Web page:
While researching racial profiling concerns in Wichita, Chappell stumbled across the number of suspended licenses in Sedgwick County years ago.  He says state law is a big part of the problem, a part he's been working to change.

"There's a whole tangled web of procedures the bureaucrats have figured out to keep people tied up in knots for years," Chappell said.  "And if you can't get through all that maze, you never get a chance to drive again."

Nationwide, states are starting to change that.  Virginia just outlawed suspending drivers licenses for unpaid fees and fines.  While Ohio is in the middle of a statewide amnesty program that gets rid of reinstatement fees for those who can't afford them.

"In California there was about $60 million they collected by going through an amnesty program," Chappell said.

Since 2010 Chappell has been trying to get similar legislation passed in Kansas, setting up an amnesty program, allowing folks to work off their original fines through charity work or payment plans, while getting rid of some of those late fees.

But, he says, court clerks have blocked his efforts so far.

"They want to collect money," Chappell explained.  "The court clerks come and say, 'That's our money.  It's right there in the legislation.'"

In the 2020 Wichita budget the municipal court gets $7.8 million from the city's general fund.  The city expects fines and fees paid to the court, including traffic violations, to put more than $8.1 million back into that general fund.  That's a net profit for Wichita, more for some small towns.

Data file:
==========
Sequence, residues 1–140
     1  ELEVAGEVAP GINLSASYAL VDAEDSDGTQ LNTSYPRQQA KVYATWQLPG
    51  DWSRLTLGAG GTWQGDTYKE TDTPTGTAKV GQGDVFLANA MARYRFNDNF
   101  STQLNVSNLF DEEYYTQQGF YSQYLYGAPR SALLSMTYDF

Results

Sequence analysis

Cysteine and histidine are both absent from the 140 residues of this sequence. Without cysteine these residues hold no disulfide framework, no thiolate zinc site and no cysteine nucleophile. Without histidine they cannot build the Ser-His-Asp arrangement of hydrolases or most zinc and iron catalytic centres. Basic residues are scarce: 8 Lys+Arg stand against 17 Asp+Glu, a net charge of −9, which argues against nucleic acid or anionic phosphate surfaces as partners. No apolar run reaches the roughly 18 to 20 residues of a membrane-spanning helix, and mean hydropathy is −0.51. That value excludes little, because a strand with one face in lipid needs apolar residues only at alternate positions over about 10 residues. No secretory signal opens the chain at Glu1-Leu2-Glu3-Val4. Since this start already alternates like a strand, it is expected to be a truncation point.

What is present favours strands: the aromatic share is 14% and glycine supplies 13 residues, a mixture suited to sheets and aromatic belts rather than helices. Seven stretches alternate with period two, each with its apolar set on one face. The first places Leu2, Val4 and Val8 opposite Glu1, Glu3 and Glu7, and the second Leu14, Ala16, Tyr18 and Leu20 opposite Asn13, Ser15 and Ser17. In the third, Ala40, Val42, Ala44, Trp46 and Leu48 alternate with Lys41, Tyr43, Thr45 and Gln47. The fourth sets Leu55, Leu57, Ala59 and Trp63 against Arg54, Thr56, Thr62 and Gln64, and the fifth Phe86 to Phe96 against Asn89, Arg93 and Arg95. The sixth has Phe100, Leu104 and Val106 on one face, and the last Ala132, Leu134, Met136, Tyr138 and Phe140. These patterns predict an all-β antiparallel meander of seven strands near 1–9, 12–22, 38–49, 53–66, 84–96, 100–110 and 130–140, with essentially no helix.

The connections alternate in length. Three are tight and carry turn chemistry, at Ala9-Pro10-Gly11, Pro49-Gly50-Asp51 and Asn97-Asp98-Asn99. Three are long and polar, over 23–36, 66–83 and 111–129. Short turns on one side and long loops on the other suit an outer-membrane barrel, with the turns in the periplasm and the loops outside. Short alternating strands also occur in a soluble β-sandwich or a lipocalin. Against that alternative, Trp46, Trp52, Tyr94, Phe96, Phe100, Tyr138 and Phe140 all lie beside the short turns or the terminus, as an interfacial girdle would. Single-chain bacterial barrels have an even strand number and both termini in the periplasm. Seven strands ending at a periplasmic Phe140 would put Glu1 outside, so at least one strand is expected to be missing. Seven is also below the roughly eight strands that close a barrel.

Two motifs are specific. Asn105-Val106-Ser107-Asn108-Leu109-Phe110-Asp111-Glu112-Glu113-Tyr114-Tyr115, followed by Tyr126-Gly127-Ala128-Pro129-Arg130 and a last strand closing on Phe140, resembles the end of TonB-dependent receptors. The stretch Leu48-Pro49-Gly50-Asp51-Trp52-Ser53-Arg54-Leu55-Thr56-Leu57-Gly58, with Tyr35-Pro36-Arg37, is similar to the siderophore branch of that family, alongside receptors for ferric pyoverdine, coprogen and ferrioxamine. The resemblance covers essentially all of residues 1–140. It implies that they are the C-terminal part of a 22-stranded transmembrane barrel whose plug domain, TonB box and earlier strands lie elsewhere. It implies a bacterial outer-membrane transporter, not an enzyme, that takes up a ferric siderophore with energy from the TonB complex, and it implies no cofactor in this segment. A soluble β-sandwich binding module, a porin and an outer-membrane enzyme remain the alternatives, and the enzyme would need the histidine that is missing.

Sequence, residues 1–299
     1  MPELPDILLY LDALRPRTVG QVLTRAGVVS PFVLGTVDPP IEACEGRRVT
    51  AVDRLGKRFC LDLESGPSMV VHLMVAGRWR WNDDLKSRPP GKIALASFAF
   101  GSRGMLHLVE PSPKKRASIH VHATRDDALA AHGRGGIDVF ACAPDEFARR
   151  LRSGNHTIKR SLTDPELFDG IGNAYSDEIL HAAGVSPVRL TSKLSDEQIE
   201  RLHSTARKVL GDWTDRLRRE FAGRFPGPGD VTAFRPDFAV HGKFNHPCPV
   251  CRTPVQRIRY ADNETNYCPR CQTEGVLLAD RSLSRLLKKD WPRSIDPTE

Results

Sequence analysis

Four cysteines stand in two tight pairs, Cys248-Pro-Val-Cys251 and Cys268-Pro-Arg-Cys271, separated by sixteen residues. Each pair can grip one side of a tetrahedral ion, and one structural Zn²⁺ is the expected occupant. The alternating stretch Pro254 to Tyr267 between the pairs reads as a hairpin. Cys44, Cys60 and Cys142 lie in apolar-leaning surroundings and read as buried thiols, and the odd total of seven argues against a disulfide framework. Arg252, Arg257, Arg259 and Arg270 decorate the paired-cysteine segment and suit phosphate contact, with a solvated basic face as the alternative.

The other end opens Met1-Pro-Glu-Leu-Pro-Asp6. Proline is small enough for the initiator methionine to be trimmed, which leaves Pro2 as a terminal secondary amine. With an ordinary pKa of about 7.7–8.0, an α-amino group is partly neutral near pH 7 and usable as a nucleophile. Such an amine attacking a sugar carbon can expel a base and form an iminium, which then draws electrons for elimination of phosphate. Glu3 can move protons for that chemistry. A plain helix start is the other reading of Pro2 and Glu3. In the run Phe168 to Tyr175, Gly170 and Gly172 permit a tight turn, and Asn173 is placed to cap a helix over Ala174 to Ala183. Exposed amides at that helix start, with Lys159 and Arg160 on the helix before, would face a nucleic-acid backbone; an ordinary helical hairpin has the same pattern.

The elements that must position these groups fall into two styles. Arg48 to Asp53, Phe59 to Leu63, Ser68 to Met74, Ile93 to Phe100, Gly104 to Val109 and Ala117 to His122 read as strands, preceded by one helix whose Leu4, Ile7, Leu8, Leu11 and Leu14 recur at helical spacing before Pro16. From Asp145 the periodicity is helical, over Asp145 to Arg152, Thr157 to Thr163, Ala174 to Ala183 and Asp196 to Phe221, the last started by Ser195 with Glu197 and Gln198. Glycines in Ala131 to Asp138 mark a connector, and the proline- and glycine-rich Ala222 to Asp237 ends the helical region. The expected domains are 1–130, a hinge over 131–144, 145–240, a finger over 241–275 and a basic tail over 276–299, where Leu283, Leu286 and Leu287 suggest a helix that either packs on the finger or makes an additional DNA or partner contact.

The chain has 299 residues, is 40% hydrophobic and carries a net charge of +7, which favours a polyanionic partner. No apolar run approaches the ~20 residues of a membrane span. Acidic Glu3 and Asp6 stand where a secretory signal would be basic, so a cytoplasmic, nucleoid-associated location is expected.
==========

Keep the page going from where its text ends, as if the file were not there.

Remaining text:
"There's a recent article in governing magazine that talks about little bitty towns that basically run their town on fines and court costs," Journey said.  He and others believe government may be losing more money than they make by suspending licenses to force payment of fines and fees.  "Because these people can't get a job because they can't get to work, the state expends money taking care of their children and their families and support services because they can't get on their own two feet because they can't get to work."

Chappell may get some help this next year, in his push to changed Kansas' rules on suspending licenses for unpaid fees and fines.  A state subcommittee on criminal justice reform is also making suspended licenses a priority for the upcoming session.

So what can you do in the meantime? When you get a ticket, wait a day for the officer to file the paperwork and then call the court. That simple contact can make a big difference in the amount of time you have to pay your fines, avoiding those late fees and worse.

Daniel says he feels like the extra fines and fees are a form of double jeopardy, paying more than once for the same mistake.

"The reinstatement fees?  There shouldn't be a reinstatement fee.  You already gave me my fine.  My license is suspended.  That should be gone.  Why do we need to pay you even more?  That's another fine on top of a fine," Daniel said.

Which leaves Daniel still out in the slow lane with no hope of getting his license back this year.

"It frustrates me," he said quietly.  "It irritates me and it frustrates me."